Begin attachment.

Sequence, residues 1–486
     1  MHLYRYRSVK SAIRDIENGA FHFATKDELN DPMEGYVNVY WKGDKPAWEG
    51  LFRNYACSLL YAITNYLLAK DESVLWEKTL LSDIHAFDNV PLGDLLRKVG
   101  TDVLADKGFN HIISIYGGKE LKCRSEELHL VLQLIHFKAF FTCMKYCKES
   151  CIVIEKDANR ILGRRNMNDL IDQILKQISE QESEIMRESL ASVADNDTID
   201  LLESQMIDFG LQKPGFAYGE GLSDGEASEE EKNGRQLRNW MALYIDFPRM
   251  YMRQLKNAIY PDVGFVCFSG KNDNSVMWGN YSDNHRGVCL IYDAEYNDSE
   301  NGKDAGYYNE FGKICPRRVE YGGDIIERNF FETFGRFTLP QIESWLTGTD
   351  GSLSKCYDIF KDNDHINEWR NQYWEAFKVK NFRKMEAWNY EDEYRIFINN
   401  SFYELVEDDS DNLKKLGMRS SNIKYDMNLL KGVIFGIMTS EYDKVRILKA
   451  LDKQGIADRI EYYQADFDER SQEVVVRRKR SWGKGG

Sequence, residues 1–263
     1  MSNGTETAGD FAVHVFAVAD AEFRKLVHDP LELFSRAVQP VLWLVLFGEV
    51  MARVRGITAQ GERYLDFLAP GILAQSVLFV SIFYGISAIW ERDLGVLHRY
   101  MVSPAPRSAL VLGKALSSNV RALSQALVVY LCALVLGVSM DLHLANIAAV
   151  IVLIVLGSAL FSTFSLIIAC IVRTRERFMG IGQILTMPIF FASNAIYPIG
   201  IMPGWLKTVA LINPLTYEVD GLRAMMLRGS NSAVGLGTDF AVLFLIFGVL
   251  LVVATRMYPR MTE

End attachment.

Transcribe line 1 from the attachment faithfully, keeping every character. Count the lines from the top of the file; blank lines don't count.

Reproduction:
Sequence, residues 1–486